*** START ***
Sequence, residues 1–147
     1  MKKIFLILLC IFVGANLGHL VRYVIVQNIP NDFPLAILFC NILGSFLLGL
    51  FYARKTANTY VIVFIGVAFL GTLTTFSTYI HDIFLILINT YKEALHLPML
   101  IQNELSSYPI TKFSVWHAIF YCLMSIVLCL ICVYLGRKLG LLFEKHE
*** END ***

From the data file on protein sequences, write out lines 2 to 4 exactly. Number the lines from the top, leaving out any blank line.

     1  MKKIFLILLC IFVGANLGHL VRYVIVQNIP NDFPLAILFC NILGSFLLGL
    51  FYARKTANTY VIVFIGVAFL GTLTTFSTYI HDIFLILINT YKEALHLPML
   101  IQNELSSYPI TKFSVWHAIF YCLMSIVLCL ICVYLGRKLG LLFEKHE